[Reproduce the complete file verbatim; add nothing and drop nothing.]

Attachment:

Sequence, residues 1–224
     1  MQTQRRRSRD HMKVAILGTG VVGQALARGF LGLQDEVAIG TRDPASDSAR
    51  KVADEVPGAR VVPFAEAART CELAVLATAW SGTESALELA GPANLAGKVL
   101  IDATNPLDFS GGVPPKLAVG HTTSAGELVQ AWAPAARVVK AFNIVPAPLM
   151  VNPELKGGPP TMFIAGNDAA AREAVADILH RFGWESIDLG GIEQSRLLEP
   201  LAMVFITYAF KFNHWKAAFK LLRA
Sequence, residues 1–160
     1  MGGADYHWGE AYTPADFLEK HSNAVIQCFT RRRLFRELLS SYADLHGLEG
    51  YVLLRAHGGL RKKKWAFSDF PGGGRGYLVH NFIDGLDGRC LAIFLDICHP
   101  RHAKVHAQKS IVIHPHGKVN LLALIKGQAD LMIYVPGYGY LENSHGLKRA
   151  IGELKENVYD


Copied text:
Sequence, residues 1–224
     1  MQTQRRRSRD HMKVAILGTG VVGQALARGF LGLQDEVAIG TRDPASDSAR
    51  KVADEVPGAR VVPFAEAART CELAVLATAW SGTESALELA GPANLAGKVL
   101  IDATNPLDFS GGVPPKLAVG HTTSAGELVQ AWAPAARVVK AFNIVPAPLM
   151  VNPELKGGPP TMFIAGNDAA AREAVADILH RFGWESIDLG GIEQSRLLEP
   201  LAMVFITYAF KFNHWKAAFK LLRA
Sequence, residues 1–160
     1  MGGADYHWGE AYTPADFLEK HSNAVIQCFT RRRLFRELLS SYADLHGLEG
    51  YVLLRAHGGL RKKKWAFSDF PGGGRGYLVH NFIDGLDGRC LAIFLDICHP
   101  RHAKVHAQKS IVIHPHGKVN LLALIKGQAD LMIYVPGYGY LENSHGLKRA
   151  IGELKENVYD